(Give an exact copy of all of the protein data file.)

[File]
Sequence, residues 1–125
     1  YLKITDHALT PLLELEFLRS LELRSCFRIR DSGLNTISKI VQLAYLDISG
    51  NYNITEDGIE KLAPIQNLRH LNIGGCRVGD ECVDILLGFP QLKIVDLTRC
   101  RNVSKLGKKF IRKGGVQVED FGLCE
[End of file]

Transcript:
Sequence, residues 1–125
     1  YLKITDHALT PLLELEFLRS LELRSCFRIR DSGLNTISKI VQLAYLDISG
    51  NYNITEDGIE KLAPIQNLRH LNIGGCRVGD ECVDILLGFP QLKIVDLTRC
   101  RNVSKLGKKF IRKGGVQVED FGLCE